The default, if the media attribute is omitted, is all, meaning that by default styles apply to all media.

The scoped attribute is a boolean attribute. If the attribute is present, then the user agent must only apply the specified style information to the style element's parent element (if any), and that element's child nodes. Otherwise, the specified styles must, if applied, be applied to the entire document.

If the scoped attribute is not specified, the style element must be the child of a head element or of a noscript element that is a child of a head element.

If the scoped attribute is specified, then the style element must be the child of an article, aside, div, or section element, before any significant text or any elements other than style elements.

The title attribute on style elements defines alternative style sheet sets. If the style element has no title attribute, then it has no title; the title attribute of ancestors does not apply to the style element.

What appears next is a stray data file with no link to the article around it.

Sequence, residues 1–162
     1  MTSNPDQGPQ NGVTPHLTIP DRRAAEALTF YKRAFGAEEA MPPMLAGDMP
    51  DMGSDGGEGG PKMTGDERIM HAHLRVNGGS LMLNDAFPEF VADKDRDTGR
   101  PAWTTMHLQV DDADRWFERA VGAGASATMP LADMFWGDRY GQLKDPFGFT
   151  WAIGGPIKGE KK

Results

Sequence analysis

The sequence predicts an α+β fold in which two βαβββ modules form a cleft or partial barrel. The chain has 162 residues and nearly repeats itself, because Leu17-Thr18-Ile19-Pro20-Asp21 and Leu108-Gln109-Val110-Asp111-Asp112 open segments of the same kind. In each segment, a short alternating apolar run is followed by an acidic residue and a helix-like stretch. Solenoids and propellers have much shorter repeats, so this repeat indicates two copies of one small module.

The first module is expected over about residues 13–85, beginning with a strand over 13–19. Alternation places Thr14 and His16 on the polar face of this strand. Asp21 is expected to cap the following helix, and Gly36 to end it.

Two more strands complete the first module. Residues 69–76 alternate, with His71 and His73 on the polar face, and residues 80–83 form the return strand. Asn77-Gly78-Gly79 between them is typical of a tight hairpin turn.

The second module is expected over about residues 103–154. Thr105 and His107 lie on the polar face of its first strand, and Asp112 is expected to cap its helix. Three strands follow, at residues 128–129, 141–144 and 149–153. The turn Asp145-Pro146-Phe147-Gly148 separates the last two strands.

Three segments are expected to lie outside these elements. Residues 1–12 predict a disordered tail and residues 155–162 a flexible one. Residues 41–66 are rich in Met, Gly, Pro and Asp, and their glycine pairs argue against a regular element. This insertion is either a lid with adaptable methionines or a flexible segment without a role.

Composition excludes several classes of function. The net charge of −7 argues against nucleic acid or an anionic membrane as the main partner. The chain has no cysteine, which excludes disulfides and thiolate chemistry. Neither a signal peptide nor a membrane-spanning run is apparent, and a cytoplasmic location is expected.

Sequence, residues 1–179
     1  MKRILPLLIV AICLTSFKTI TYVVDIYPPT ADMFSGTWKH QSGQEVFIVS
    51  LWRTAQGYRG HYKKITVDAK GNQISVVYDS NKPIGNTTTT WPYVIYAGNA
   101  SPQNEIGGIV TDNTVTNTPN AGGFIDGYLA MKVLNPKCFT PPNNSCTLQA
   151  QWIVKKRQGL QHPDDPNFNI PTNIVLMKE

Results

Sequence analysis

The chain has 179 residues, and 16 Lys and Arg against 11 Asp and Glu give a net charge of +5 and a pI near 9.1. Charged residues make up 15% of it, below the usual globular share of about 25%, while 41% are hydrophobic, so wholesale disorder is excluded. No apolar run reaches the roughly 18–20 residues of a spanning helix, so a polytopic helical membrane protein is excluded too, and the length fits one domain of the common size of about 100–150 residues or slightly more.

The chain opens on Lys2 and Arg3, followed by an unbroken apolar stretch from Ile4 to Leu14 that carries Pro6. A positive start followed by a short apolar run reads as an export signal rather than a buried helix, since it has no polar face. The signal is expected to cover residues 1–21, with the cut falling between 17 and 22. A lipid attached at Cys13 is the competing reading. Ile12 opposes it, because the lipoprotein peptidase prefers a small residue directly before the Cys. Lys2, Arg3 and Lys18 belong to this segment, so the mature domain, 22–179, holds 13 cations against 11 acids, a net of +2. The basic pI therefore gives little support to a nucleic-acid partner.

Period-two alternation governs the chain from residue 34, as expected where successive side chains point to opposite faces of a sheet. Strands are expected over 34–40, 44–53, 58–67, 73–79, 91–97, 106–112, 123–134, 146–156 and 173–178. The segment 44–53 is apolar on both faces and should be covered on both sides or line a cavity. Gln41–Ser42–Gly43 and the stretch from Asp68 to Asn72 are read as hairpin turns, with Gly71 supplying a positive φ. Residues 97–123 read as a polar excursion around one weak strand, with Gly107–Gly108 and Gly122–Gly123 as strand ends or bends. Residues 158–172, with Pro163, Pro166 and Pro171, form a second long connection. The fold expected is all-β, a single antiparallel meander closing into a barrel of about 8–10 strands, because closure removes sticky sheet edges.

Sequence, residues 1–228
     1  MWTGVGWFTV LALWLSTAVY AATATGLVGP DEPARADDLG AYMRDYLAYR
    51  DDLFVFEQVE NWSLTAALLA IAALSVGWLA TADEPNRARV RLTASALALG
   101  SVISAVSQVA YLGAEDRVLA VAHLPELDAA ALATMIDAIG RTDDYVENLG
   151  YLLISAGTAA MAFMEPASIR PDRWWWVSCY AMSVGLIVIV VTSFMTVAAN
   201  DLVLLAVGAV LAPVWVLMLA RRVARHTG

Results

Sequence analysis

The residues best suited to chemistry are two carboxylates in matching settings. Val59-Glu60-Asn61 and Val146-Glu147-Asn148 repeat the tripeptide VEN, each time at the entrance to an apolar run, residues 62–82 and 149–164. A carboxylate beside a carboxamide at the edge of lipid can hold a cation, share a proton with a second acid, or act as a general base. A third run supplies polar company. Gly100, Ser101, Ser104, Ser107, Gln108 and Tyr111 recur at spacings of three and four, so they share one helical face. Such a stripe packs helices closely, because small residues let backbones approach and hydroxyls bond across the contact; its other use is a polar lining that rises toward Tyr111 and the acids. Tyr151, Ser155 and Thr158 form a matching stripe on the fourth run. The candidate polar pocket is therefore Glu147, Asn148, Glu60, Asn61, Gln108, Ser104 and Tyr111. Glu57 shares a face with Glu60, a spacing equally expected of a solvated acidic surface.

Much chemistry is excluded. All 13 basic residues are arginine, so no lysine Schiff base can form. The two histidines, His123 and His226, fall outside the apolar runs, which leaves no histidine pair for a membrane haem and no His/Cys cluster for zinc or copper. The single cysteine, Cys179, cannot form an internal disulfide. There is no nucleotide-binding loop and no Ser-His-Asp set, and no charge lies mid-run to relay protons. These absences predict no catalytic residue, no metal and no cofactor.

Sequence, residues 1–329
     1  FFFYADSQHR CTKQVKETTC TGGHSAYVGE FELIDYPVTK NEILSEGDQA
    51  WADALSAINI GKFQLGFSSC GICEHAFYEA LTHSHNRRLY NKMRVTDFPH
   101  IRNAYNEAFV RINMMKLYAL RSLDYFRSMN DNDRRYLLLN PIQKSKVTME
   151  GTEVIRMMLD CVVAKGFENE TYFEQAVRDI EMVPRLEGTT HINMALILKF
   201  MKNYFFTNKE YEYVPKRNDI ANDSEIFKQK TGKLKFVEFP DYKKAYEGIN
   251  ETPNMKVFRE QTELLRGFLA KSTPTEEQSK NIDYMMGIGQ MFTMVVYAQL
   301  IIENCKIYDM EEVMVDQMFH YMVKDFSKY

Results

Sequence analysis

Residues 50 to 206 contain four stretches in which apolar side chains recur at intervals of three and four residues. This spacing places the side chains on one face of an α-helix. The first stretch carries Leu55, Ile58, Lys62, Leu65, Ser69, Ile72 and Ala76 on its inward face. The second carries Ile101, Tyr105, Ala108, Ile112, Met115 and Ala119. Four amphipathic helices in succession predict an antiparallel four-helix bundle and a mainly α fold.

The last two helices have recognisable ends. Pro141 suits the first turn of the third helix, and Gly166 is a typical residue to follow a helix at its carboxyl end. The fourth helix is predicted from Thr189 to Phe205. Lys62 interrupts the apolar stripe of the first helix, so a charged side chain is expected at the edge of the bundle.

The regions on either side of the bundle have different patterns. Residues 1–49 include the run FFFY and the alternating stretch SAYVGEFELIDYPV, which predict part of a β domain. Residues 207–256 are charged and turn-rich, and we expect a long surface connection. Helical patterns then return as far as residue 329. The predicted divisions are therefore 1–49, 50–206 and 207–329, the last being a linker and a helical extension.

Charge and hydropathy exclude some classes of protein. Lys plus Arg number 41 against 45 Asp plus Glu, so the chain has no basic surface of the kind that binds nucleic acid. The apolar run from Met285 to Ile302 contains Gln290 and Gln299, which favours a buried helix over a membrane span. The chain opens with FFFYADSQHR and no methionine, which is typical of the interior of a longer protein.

The title attribute on style elements, like the title attribute on link elements, differs from the global title attribute in that a style block without a title does not inherit the title of the parent element: it merely has no title.

All descendant elements must be processed, according to their semantics, before the style element itself is evaluated. For styling languages that consist of pure text, user agents must evaluate style elements by passing the concatenation of the contents of all the text nodes that are direct children of the style element (not any other nodes such as comments or elements), in tree order, to the style system. For XML-based styling languages, user agents must pass all the children nodes of the style element to the style system.